1. Personalize e-mail messages

(a) Adding a salutation to your e-mail message makes it more                                 personal.

(b) In most cases, use simple closing, such as /Thanks/ or                                           /Regards/.

(c) For your signature, you can simply type your name on a                                     separate line.

Or you may want to use a signature file, a shorter identifier that                             can include your name, company, postal address, fax number,                           etc.

(d) You can also use a digital copy of your handwritten signature,                         which is becoming acceptable as legal proof in business                                transactions.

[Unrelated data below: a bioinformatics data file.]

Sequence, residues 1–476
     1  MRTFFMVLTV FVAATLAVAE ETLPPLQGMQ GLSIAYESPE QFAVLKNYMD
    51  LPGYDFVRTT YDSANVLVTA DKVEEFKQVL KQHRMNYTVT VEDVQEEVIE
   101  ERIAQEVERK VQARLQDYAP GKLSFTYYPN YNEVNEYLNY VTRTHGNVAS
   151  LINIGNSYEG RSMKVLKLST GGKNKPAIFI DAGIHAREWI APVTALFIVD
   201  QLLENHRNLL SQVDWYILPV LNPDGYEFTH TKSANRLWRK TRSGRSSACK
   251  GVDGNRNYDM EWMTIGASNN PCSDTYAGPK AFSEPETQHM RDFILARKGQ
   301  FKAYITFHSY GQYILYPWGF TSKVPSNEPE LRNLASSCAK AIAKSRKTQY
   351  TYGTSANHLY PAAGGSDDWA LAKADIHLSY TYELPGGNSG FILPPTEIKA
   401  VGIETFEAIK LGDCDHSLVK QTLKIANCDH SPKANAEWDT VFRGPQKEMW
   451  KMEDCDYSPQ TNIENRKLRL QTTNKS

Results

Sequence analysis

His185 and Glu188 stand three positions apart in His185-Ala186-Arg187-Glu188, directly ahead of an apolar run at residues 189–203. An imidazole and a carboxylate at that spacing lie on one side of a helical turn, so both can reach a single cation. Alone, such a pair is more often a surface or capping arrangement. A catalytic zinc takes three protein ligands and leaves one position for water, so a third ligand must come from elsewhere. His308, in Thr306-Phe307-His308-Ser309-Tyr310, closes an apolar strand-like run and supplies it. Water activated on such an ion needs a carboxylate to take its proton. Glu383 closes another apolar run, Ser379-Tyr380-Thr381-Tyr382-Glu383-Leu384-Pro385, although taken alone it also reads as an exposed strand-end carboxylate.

1. Observe basic e-mail etiquette

(a) The best business communicators know how to communicate                          quickly and courteously.  They know how to refrain from                                            putting into writing anything that could come back to haunt                    them.

(b) Following basic e-mail etiquette means being courteous, brief,                         and careful.

Be Courteous — Common courtesy is an important                                                           consideration when sending e-mail.  Send only necessary                                              messages.  Before clicking on /Send/, double-check your                                               addresses to make sure you’ve included everyone necessary                                       and no one else.  Don’t send jokes or chain letters.